Nurses Urge State to Increase Mandated Staffing Levels at Hospitals

Source: NJ Spotlight
A hearing in the state Senate Health, Human Services and Senior Citizens Committee was the first public discussion in years of a bill, S-1183/A-647, that would increase nurse staffing levels.
Mary MacDonald, former executive director of the American Federation of Teachers’ Healthcare Division, said that having more nurses can help prevent hospital-acquired conditions like infections. She noted a Journal of Patient Safety estimate that medical errors are the third-leading cause of death in the United States and a Lancet study that found that increasing the number of patients that each hospital nurse serves by one apparently results in a 7 percent increase in patient mortality…“How many more people have to die before the evidence is irrefutable?” MacDonald said…
Elfrieda Johnson, board president for JNESO, New Jersey’s other large nurses union, said the state could no longer accept the current staffing levels. “Every person in the state of New Jersey should be able to walk into a hospital, (and) expect the same standard of care regardless of where they live and what hospital they visit – let’s make that a reality,” she said…
Nurses describe situations in which there weren’t enough nurses. Maria Refinski, president of the New Jersey Nurses Union, said she’s seen situations where five nurses were caring for 13 ICU patients. “These patients received adequate care, but barely, and certainly not the type of intensive care that they should have received that night,” she said…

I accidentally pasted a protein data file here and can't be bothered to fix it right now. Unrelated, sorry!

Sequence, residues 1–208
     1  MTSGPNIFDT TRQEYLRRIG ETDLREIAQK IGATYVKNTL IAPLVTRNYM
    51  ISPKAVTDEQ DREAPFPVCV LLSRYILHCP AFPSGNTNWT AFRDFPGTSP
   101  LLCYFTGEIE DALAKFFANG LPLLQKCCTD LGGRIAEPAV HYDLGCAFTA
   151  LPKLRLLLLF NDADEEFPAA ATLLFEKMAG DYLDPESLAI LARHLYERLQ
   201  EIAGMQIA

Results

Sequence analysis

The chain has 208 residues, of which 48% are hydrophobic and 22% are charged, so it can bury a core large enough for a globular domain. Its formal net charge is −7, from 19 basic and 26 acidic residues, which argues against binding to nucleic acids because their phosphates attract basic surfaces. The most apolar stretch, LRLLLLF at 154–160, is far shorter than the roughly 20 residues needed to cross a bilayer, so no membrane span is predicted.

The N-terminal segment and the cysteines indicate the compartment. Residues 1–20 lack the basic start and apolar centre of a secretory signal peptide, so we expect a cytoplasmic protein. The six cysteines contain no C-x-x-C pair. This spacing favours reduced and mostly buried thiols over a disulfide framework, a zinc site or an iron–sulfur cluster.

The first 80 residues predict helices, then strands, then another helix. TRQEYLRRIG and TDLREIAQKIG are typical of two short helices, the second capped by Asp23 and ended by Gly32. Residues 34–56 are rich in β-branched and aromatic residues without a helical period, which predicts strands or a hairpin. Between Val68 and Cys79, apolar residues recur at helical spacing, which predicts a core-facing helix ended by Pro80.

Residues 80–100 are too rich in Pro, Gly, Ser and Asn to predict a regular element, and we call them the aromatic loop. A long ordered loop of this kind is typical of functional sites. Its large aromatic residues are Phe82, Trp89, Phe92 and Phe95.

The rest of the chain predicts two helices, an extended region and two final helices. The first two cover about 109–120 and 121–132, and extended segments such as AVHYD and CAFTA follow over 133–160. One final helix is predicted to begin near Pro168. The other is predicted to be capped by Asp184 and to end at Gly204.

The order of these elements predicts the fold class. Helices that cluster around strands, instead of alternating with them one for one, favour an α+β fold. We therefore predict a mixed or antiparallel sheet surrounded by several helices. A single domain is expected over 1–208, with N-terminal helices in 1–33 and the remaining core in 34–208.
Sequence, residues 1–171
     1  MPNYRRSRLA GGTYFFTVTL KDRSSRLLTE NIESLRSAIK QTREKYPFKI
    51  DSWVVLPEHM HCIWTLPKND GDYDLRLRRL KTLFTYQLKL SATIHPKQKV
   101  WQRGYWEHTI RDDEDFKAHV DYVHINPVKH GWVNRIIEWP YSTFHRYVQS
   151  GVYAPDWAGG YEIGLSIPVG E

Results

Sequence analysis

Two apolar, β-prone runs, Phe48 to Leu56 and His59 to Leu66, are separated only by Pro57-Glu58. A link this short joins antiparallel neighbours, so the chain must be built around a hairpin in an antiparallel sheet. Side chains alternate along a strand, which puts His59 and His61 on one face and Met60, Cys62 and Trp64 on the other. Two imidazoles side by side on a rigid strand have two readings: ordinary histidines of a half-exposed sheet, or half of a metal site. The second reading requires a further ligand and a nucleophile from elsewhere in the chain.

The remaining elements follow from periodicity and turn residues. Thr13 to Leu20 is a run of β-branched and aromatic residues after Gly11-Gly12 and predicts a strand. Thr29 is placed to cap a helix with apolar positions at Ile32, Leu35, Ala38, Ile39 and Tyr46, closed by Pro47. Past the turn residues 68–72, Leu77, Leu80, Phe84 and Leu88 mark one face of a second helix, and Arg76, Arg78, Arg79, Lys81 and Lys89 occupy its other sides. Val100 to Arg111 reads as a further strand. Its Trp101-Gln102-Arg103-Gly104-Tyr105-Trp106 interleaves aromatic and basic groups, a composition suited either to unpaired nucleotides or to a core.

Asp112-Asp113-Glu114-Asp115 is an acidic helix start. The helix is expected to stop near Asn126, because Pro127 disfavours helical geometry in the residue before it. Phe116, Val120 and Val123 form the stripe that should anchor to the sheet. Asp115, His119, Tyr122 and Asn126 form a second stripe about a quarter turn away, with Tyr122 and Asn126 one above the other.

However, Inspira Health Network senior nursing executive Elizabeth Sheridan pointed to other measurements of hospital quality in which New Jersey scores well, including having the fourth-best Leapfrog Group’s Hospital Safety Scores. She said having flexibility in staffing levels has contributed to this.
Sheridan estimated that adding one nurse in a hospital unit would cost each hospital $500,000 annually, since they would have to cover 24 hours per day. “The real question is financial survival,” she said. “How many more hospitals in New Jersey will be forced to close, after adopting higher nurse-patient ratios that’s being proposed?”
…The current version of the bill would require anywhere from one nurse per patient in surgery and under anesthesia to up to six patients per nurse in psychiatric units. It would mandate having one nurse for every two patients in intensive-care units, compared with three patients per intensive-care nurse under current state rules.

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